Once you do and you just build on that. Then from that point on it shouldn’t take more than, I’d say, it’s hard to put a number on how long it should take you to be on social media. Or Google+ let’s say in this case. But I’d say ½ an hour a day. If you break it out to a few posts here and there.
Find what’s in your stream. What’s interesting. Jump into a comment thread. About half an hour broken down into let’s say 3 sections of 10 minutes per day. I think that should be a great start to just maintain what you have built and build upon it.
Martin: Okay. Fantastic. And I’m going to come to Mike and we’re going to start to wrap up. Do you want to say just what your website address is Ana? And give yourself a good plug before we come across to Mike?
Ana: I am horrible at that but you know - trafficgenerationcafe.com is where you can find me. And as I said before, all I talk about is traffic. So if you need more of it just come visit me there.
Martin: There we go. Fantastic. I know you’ve got some great videos. Some free content. Everything available on the front end of the site as well. So, that’s cool.
Mike. Last thoughts as we move towards wrapping up. Anything that you want to give? Any extra tactics? In fact, the one tactic from you. You’re very much – you’re a good news breaker, aren’t you? You get involved when something happens. And you said – what’s the phrase that you used – or the word that you used?
Mike: News jacking.
Martin: News jacking.
Martin: So would you guys want to give people what tip? Of how you can get people’s attention when news breaks? And then how that influences website traffic as well.
Mike: Yeah absolutely. It’s a term – I don’t know if it was coined by David Amerland. But he certainly has kind of led the charge in terms of educating people how this process works. Every news story has a certain cycle. Where as information starts to get on the mainstream, it peaks.
And then interest dies down. And eventually the story goes away. Every story is that way. And what you want to look for as a business it to try to get in there. As a provider of information before that peak. Before it gets to peak interest. And what you want to look for as a business, identify number 1, sources for information.
So that you can have – you’re not just finding it on CNN because at that point it’s too late. If it’s on the mainstream news the story is peaking. You want to have sources of information that are close to the story. So for instance, follow industry blogs.
Follow the blogs. And the websites. And press releases for the players in your industry. I follow Facebook, I follow Apple. I follow Google and LinkedIn. I’ve got their RSS feeds plugged in. So as soon as they announce something, within an hour or 2 I’m going to see it. And I’m going to have an opportunity to write about it.
Hopefully before everybody else in the world has written about it and heard about it. And by doing that I’m providing value and information to my readers and followers. And breaking that news for them. And it’s driving traffic to my sites. And it’s identifying me as an expert in that particular industry.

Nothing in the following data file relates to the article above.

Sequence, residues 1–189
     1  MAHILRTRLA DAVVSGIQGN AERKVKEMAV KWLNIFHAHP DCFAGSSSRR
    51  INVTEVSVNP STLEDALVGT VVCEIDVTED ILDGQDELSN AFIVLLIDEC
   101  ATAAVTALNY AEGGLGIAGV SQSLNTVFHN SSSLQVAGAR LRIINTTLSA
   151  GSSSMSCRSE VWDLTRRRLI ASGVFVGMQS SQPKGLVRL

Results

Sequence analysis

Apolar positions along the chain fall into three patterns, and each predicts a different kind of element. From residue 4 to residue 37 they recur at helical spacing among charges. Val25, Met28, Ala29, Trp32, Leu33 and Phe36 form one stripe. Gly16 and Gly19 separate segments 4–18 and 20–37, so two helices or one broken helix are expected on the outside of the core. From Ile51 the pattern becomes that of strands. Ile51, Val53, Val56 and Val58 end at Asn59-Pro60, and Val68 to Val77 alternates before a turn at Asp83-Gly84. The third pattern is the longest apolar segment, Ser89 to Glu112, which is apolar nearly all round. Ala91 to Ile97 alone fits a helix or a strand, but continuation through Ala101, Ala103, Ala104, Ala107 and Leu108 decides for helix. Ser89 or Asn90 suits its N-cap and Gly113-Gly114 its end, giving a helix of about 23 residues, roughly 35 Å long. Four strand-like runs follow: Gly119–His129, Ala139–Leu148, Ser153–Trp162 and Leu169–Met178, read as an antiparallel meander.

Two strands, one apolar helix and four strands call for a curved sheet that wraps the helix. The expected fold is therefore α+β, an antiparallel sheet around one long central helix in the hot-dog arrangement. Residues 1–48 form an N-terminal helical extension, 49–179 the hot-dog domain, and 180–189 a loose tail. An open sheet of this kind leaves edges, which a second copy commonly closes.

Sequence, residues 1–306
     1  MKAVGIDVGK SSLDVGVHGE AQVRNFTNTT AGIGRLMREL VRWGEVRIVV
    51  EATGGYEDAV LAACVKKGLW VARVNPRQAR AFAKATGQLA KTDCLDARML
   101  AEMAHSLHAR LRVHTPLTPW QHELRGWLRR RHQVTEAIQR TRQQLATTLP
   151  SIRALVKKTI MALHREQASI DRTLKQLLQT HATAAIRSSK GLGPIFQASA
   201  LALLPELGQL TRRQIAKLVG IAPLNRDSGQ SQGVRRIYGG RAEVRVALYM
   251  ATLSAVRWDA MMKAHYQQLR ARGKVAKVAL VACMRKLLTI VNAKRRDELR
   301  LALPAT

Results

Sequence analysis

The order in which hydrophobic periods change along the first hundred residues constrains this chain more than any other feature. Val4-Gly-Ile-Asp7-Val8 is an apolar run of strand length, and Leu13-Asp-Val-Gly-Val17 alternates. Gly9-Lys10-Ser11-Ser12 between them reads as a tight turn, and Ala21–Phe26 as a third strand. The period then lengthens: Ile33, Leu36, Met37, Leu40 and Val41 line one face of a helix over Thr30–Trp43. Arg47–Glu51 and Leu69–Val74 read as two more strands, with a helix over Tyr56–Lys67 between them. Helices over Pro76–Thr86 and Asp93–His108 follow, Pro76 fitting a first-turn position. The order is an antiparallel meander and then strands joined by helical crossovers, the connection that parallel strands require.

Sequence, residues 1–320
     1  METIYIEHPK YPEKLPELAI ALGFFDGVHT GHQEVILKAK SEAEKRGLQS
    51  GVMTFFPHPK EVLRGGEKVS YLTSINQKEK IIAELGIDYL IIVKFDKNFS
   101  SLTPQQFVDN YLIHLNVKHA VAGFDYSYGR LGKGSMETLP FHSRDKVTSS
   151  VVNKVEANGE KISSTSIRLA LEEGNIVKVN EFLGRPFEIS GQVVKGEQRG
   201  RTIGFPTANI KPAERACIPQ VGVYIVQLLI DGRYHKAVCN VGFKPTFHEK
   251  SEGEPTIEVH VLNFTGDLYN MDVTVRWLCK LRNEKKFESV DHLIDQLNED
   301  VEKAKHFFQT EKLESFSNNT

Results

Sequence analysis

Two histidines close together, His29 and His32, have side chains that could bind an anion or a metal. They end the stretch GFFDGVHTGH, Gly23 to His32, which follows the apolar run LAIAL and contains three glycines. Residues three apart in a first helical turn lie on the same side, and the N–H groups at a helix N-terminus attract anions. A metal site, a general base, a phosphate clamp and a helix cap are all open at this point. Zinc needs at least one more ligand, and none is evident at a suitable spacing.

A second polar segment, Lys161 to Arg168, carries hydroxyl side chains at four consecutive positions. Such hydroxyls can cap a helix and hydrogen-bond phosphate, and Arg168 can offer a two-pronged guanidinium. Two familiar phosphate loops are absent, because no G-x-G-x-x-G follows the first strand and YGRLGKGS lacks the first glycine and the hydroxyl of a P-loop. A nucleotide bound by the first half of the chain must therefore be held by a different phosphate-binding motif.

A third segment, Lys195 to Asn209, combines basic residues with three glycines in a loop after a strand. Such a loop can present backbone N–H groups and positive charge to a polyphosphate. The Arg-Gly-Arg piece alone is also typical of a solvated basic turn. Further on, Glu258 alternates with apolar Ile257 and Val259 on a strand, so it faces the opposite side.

Martin: And what you’re doing often is contextualizing something that’s come out and a bit of news. And you’re wrapping a story around it. As opposed to just sharing that news story. You’re actually rewriting – or you’re writing content and putting that in there.
So you’re adding value. So you’re giving your perspective. Which is why your followers react so well to it Mike. It’s that people go, oh, I want to listen to Mike’s view. I don’t want to just read the story. I want to read what Mike says about the story. So I think that that as a tip, or a tactic for people is so powerful. Because it takes something that’s going on and give you a perspective to it.
Mike: You’re right. And that is the key. You have to provide insight. What’s in it for me? What’s the value to your customers? An easy example I give a lot of my local businesses is to pay attention to local changes in law and legislature that might impact their customers.
If you’re a real estate agent, what are the changes? If something is going on that might impact real estate sales in your community. Write about it. And then explain what that impact is. Explain why they should be reading. Why they should be concerned. Or whatever it might be. Provide that extra value. Absolutely.
Martin: Fantastic. As we wrap up. Mike? Would you like to give her a quick plug? For your website?
Mike: Sure. It’s The Social Media Hat, thesocialmediahat.com. Honestly the best place to find me is Google+. Look for Mike Allton on Google+. That’s where I share all of my content. But I probably do the most engaging and discussing on Google+. I’d be happy to talk to you and meet you over there.
Martin: Fantastic. Well, thank you both Mike and Ana. That’s been a – I’ve really enjoyed that been a good 37 minutes. I know it was going to be 30. But thanks for being patient and letting it run on a little bit. And thanks everybody for watching. We’ve picked up some of the questions on the threads.
But we’ll come on over and see if we can answer some more as well. Anyway. I shall look forward to seeing you again. Hopefully that’s given you some tactics. Think about content. Think about repurposing. Think about distribution.
Think about efficiency when it comes to the platforms as well. Because Ana says you can do it in ½ an hour. Not all day sitting on Facebook. You can do it in ½ an hour if you need to. So how it is part of your plan. Take care folks and look forward to seeing you at your business event. Bye.